The City Builder is a stream-of-consciousness novel, narrated in the present tense, which explores the mind of a Hungarian city planner who has become disillusioned with his stagnant, bureaucratic, and repressive society. Each of the ten chapters has a central preoccupation and is further unified by the settings, characters, and symbolic patterns which are emphasized.
As the novel begins, the narrator is an airline passenger, resolving to withdraw into himself in order to avoid disturbing the fragile peace in the city where he will land. Yet his apartment, which should have been a haven, reminds him of the failures of his life: the ideal city, which was never realized because of bureaucratic corruption; the ideal marriage, which perished when his beloved wife was killed in a senseless car accident; the ideal son, whose own soul and body were damaged when he was thrown into prison and who at the end of the book may well have died in the earthquake which has destroyed the town.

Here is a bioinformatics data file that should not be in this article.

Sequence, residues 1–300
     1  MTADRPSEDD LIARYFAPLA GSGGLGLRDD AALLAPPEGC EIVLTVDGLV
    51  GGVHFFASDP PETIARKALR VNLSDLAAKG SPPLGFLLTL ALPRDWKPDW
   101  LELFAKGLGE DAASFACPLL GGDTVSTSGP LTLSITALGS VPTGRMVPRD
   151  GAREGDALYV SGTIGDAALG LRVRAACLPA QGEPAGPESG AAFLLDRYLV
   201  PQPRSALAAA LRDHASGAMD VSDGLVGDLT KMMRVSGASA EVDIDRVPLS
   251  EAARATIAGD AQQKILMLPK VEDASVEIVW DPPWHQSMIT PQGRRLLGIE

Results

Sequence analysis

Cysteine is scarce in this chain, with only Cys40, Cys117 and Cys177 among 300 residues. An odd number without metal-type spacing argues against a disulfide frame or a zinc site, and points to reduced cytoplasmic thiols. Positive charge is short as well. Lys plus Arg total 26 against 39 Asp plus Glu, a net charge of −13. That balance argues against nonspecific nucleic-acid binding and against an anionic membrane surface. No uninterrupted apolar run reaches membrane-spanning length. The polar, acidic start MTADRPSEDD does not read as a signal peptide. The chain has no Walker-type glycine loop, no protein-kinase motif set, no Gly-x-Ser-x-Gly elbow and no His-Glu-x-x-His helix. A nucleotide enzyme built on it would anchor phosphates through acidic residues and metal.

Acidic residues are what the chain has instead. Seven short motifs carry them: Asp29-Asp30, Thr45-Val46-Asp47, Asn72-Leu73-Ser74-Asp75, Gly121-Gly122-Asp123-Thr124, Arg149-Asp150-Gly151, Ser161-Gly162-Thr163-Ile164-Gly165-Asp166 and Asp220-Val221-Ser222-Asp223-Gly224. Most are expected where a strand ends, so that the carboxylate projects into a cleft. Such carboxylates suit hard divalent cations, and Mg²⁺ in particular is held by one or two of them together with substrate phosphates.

In the second chapter, the airplane setting changes to a train, and the narrator thinks back to the waves of conquest which have swept across Eastern Europe from time to time as the train now moves across the land. The Romans, the Tartars, the Austrians, the Nazis have come and gone, leaving generation after generation of Hungarians to bury their dead, to rebuild the cities, and to begin living again.
Even times which seemed secure have been subject...
(The entire section is 599 words.)